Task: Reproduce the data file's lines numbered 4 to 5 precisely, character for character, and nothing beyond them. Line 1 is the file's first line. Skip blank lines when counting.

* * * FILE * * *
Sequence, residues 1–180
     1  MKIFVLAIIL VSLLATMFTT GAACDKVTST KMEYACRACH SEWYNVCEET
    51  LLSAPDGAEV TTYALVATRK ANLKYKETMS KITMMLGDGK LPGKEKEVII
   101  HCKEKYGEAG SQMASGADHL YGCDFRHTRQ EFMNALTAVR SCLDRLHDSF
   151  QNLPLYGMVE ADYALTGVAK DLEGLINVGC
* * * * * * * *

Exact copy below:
   101  HCKEKYGEAG SQMASGADHL YGCDFRHTRQ EFMNALTAVR SCLDRLHDSF
   151  QNLPLYGMVE ADYALTGVAK DLEGLINVGC